Are You Using the Correct Transport Document for Shipping Goods Under the EXW or FCA Incoterm Rules?

Posted by admin_timar

Use of the wrong transport document could result in unexpected costs and liability for the seller by extending responsibilities beyond the definition of the incoterm rule. Incoterm @2010 requires the buyer to provide the seller with appropriate evidence of having taken delivery of the goods, not the seller providing evidence of the transport of the goods.

  • Why does it matter?
  •  What do you need to know about FCA or EXW Incoterm© 2010 Rules? Under the EXW rule, the only correct transport document is a courier receipt provided by a door to door international courier/freight service. EXW obliges the carrier to load the inland conveyance and at that time provide the appropriate evidence to the seller in the form of a courier receipt.

 The FCA incoterm rule requires the seller to load the goods on the inland carrier. If the buyer took possession or delivery of the goods when loaded, then the appropriate evidence should be a Forwarder’s Cargo Receipt (FCR), inland bill of lading or other relevant loading/delivery document signed off by the carrier and provided to the seller upon loading.

  •  What if the LC requires an Air waybill or Ocean bill of lading instead?

The LC should be amended to change the transport document to either a Courier Receipt por a Forwarders Cargo Receipt (FCR). Why? Because the shipper’s liability is now extended beyond the release and loading of goods on the inland carrier to the actual loading of the international carrier. This is unregulated territory.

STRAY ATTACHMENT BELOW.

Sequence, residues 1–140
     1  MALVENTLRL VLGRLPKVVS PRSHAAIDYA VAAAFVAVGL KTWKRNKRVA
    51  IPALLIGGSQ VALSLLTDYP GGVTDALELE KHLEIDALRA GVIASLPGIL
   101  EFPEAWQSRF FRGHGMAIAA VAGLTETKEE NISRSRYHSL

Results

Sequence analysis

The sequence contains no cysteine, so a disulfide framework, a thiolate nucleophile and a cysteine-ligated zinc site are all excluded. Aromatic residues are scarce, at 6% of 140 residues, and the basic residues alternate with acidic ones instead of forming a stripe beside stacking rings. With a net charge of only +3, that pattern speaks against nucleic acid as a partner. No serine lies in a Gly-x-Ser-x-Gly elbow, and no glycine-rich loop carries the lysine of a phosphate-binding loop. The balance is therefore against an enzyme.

•  What could go wrong?

1.    The goods are lost or damaged in transit to the international carrier These are the consequences that could occur:

  • The buyer failed to secure the insurance prior to loading the inland conveyance and damages will revert to the seller.
  •  he inability to secure a clean AWB or OBL due to the visible damage or loss of goods resulting in a LC discrepancy and sending documents on approval to the buyer.
  •  The inability to secure an accurate AWB or OBL by non-compliance of the forwarder or carrier to the LC requirements.
  •  The seller may not be able to obtain the AWB or OBL at all. If the goods are lost or stolen in route to the international carrier then a valid transport document will not be forthcoming. Without the transport document there will be a total loss of goods and funds.

2.    There is a delay loading the goods on the international carrier. If time restraints are close, the delay may create a failure to ship by the latest shipment date on the LC.

Avoid unnecessary risks by taking the time to verify that correct transport document has been applied to your EXW or FCA shipment. You will save yourself unforeseen headaches and there will be no surprises with a negative impact in your bottom line!

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Written by Sherri Lane

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